Over 300 students from the University of Brighton, City College Brighton & Hove (CCB) and apprentices from housing provider Mears Group were involved in the project.[1] The construction work was mainly undertaken by CCB students, the Mears apprentices and some volunteers,[4] led by a project manager from Mears Group.[9] Students learning carpentry at CCB designed the timber-framed structure and the "fine timber staircase, finished with a decorative flourish of offcuts".[2] Many of the structural elements were created in the college's own workshops. University of Brighton Faculty of Arts students worked with Baker-Brown on the design, the selection of materials and on interior features such as furniture. Overall, 97.5% of the time taken to build Waste House—2,507 person-days—was provided by students and volunteers,[4] and about 700 people worked on the project.[9] A major aim of the project was to introduce students and apprentices to sustainable building techniques and to allow them to continue testing their ideas by retrofitting new fixtures.[5]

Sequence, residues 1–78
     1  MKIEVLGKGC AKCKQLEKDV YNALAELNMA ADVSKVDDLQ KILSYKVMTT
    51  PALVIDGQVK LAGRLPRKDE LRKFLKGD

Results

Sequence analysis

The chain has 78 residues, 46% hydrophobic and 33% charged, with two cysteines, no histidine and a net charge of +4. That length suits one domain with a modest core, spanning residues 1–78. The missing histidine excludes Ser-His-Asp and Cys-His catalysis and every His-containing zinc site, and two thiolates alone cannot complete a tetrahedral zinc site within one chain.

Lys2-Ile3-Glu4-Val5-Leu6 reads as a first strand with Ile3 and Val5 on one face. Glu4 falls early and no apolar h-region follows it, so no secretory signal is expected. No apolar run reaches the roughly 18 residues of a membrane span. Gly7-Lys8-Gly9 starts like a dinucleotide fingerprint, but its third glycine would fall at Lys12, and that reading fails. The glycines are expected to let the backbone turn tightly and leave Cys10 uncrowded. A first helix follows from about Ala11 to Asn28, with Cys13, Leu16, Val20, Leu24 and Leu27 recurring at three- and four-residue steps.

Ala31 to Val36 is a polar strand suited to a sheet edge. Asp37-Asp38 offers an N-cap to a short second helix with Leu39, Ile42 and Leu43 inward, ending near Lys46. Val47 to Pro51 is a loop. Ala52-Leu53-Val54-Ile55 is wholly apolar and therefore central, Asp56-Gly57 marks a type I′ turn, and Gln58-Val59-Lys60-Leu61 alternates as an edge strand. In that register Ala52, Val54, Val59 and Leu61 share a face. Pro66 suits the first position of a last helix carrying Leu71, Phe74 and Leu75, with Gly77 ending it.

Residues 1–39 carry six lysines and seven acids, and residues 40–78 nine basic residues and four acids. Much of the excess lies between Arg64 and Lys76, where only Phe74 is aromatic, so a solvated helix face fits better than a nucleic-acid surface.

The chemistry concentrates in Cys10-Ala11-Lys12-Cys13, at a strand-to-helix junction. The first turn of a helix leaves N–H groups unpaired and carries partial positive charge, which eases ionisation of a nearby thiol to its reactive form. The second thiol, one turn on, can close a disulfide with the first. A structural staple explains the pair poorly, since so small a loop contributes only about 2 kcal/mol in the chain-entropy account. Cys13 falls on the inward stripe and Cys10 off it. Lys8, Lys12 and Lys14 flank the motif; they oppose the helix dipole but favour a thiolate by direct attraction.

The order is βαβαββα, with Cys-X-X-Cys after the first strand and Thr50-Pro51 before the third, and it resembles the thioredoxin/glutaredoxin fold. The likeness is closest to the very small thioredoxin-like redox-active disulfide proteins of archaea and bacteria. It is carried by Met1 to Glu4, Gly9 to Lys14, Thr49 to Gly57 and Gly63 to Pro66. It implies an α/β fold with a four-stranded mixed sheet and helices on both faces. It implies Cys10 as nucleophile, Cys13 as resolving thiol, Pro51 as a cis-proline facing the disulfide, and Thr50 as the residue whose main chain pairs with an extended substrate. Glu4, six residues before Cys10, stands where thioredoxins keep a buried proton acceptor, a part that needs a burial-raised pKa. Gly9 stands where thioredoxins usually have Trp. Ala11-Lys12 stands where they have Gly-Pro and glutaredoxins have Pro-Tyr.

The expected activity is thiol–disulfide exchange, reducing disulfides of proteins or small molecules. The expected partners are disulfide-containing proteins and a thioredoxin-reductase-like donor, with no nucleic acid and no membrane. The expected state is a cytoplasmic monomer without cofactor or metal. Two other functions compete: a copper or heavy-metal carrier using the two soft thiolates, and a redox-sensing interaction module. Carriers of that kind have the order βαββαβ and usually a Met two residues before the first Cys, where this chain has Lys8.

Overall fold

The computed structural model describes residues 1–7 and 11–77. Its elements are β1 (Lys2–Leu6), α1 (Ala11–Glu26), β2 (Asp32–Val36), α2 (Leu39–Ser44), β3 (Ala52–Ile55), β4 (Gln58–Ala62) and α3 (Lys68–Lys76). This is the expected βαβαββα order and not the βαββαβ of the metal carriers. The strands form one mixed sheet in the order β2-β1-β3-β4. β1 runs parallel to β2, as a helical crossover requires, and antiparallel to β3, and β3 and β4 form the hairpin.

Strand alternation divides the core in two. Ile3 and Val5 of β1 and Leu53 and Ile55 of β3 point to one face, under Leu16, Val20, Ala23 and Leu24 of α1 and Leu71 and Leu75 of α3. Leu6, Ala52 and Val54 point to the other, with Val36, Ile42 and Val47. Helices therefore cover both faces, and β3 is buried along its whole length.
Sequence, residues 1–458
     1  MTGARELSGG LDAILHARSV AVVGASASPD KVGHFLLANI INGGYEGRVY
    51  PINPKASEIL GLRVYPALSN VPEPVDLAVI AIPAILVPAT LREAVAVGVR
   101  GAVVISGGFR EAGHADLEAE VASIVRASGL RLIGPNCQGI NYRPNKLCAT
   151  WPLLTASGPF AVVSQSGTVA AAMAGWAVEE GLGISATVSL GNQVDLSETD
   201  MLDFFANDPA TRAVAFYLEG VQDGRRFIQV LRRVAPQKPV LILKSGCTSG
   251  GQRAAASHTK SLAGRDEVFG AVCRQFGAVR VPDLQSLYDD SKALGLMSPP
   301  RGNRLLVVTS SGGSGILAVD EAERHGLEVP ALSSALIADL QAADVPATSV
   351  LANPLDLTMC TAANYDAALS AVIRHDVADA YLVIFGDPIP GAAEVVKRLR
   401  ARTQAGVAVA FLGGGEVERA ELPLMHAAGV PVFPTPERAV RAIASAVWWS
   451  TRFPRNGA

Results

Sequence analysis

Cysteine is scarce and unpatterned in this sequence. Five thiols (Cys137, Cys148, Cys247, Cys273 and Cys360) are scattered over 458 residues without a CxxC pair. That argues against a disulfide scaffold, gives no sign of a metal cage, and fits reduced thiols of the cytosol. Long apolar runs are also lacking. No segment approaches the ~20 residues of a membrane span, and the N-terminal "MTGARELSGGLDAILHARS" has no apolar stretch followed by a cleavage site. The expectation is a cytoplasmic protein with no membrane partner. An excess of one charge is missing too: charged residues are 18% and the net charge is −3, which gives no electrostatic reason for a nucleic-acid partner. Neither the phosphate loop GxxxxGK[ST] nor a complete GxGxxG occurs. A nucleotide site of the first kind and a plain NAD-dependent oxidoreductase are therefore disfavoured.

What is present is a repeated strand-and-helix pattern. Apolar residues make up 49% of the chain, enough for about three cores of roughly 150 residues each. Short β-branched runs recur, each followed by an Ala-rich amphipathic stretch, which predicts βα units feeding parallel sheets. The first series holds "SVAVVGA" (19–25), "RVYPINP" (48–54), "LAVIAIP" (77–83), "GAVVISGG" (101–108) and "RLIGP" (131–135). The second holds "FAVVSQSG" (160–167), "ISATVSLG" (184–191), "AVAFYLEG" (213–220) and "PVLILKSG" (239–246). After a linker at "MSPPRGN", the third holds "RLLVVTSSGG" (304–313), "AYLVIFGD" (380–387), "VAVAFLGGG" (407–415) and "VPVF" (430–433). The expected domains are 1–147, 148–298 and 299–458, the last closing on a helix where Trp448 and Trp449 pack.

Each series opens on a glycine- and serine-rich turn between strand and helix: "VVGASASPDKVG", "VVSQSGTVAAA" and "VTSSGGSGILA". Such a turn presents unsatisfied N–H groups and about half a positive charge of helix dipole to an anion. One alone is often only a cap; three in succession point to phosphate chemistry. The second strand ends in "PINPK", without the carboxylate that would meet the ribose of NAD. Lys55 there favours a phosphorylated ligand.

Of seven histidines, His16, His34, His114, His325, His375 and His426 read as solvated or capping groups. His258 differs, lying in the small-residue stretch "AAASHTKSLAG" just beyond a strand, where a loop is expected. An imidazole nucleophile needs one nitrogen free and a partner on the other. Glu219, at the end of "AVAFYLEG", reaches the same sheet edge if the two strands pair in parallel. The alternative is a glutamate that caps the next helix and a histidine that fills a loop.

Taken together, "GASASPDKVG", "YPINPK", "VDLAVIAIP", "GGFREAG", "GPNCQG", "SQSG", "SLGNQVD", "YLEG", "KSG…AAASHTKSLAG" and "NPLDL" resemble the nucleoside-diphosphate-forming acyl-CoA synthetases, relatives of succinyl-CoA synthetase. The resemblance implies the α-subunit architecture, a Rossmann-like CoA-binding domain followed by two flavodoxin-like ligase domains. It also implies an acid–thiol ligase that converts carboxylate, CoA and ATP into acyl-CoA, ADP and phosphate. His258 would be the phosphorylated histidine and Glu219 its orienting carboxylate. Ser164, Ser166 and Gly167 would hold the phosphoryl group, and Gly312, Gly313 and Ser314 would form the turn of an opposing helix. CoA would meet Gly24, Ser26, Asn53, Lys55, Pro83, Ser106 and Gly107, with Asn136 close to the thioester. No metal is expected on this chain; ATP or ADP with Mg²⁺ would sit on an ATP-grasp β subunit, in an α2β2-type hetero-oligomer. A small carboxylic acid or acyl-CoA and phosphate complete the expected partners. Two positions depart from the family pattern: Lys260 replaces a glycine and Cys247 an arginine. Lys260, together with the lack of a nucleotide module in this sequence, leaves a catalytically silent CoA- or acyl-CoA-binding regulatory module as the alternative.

Materials[edit]

The purpose of building Waste House was to demonstrate that material considered to be waste, and therefore destined for landfill, could be used to create a viable permanent building. Baker-Brown stated that in the United Kingdom, 20% of construction materials go to waste—so the equivalent of one house worth of unwanted material is generated for every five houses built.[1][2] Between 85%[3] and 90%[1] of the materials used in Waste House are building waste of this type or ordinary household and consumer products which are no longer needed.[13]

The building is clad with carpet tiles laid with their underlay facing out.